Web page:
While in college, his summer job as a busboy at Yellowstone National Park spurred his burgeoning interest in environmentalism.
Having worked at the Alaska Wilderness League from 1997 to 2002, he returned as its executive director in the fall of 2017 — just weeks before Republicans passed a tax bill that opened the Arctic National Wildlife Refuge’s coastal plain to fossil fuel development.
The battle over whether to drill in the refuge, which provides critical habitat for the Southern Beaufort Sea’s remaining polar bears as well as for hundreds of thousands of migrating caribou and waterfowl each year, had occupied Capitol Hill for four decades. The government estimates there could be 7.7 billion barrels of recoverable oil on the coastal plain, though seismic testing has not been conducted there since the 1980s.
Drilling opponents won crucial legislative victories during the administration of President George W. Bush in 2004 and 2005, but they could not defeat the 2017 bill in the Republican-led Congress ordering the Interior Department to hold two lease sales in the heart of the refuge by 2024.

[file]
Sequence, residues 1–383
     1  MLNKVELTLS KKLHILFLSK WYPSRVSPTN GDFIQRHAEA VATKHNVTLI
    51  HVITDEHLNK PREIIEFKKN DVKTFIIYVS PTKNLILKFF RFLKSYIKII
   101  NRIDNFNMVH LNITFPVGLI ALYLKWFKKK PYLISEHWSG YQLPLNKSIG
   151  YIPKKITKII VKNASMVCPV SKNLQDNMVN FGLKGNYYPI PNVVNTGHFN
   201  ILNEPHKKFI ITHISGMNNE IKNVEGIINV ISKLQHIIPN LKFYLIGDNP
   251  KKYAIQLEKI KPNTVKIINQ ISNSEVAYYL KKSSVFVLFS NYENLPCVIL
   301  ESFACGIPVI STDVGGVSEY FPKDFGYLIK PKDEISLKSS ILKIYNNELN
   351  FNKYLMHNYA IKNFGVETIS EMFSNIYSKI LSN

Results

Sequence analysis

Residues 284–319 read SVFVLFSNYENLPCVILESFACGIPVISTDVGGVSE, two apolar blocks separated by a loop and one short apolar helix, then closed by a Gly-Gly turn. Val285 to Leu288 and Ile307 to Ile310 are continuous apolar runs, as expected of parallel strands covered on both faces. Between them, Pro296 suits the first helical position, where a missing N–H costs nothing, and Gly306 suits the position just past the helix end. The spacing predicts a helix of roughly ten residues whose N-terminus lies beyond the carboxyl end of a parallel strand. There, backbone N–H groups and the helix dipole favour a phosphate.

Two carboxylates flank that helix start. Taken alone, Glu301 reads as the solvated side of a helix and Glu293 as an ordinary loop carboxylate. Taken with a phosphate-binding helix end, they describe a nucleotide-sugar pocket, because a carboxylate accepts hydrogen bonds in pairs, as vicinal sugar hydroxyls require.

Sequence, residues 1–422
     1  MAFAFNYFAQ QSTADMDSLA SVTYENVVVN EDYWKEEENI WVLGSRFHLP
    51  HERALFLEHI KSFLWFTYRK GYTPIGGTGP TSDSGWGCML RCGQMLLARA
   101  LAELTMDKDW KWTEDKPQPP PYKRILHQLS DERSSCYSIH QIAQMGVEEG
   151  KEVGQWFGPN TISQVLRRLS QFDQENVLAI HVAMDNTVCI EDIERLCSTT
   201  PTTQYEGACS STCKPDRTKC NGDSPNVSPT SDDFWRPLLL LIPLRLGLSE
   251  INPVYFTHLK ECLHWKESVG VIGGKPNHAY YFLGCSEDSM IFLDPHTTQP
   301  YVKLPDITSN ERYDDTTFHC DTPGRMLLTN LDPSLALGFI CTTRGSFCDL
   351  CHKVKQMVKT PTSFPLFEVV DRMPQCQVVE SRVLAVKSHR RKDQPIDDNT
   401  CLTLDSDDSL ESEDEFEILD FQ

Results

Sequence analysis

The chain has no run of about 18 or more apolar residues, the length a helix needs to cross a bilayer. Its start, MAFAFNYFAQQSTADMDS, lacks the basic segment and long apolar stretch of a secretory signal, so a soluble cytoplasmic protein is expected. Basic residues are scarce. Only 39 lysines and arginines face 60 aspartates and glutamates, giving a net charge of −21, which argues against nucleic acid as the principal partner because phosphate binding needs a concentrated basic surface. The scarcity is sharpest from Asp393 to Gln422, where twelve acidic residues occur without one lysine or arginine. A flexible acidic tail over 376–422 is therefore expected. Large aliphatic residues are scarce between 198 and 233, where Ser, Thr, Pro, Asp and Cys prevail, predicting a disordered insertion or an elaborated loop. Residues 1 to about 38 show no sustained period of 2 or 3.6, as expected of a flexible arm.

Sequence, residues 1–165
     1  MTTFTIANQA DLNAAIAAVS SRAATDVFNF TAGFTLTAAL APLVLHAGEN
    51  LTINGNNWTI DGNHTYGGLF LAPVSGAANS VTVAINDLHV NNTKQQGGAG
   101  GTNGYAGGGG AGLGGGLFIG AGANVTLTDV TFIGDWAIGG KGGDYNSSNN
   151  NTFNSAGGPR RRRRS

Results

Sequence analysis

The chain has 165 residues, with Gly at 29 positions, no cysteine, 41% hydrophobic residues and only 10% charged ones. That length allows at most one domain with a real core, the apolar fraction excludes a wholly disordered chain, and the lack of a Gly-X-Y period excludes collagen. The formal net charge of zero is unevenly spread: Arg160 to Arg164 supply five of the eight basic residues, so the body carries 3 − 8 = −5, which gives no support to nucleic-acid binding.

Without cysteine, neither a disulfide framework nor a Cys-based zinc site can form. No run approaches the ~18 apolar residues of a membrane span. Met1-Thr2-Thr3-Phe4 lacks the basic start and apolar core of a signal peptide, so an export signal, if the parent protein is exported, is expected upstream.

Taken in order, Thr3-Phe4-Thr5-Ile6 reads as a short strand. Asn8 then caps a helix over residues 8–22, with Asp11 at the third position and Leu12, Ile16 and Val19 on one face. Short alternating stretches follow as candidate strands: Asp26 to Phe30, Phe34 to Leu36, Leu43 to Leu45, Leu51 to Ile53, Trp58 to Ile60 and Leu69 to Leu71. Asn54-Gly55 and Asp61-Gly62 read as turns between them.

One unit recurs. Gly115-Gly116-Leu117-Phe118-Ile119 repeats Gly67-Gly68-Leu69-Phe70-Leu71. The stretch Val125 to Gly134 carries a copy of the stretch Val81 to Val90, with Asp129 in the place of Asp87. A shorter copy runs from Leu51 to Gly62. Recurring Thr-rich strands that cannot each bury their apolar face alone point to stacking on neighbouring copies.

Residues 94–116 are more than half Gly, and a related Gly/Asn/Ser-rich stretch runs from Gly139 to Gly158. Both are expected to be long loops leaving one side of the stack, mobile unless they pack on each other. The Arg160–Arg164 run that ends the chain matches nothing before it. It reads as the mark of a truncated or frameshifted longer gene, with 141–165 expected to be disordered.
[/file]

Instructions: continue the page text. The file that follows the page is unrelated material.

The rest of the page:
Kolton, who helped launch a campaign in the 1990s targeting the major oil companies that were then considering drilling in the refuge, raised money to fund an effort targeting possible investors in any new exploration as well as the financial institutions that would underwrite drilling projects there.
He also helped establish a new environmental coalition, the Arctic Refuge Defense Coalition, to conduct field operations.
The Gwich’in, an Indigenous nation spread throughout 15 villages in northeast Alaska as well as Canada’s northern Yukon and Northwest Territories, helped lead the drive targeting Wall Street institutions such as JPMorgan Chase and BlackRock.
Bernadette Demientieff, executive director of the Gwich’in Steering Committee, said in a phone interview that Kolton journeyed to their villages and respected their traditions, including the prohibition on visiting the coastal plain in June and July when the Porcupine caribou herd was calving.
“It wasn’t just work for him, he seemed to care,” she said. “He respected our ways of life, our values.”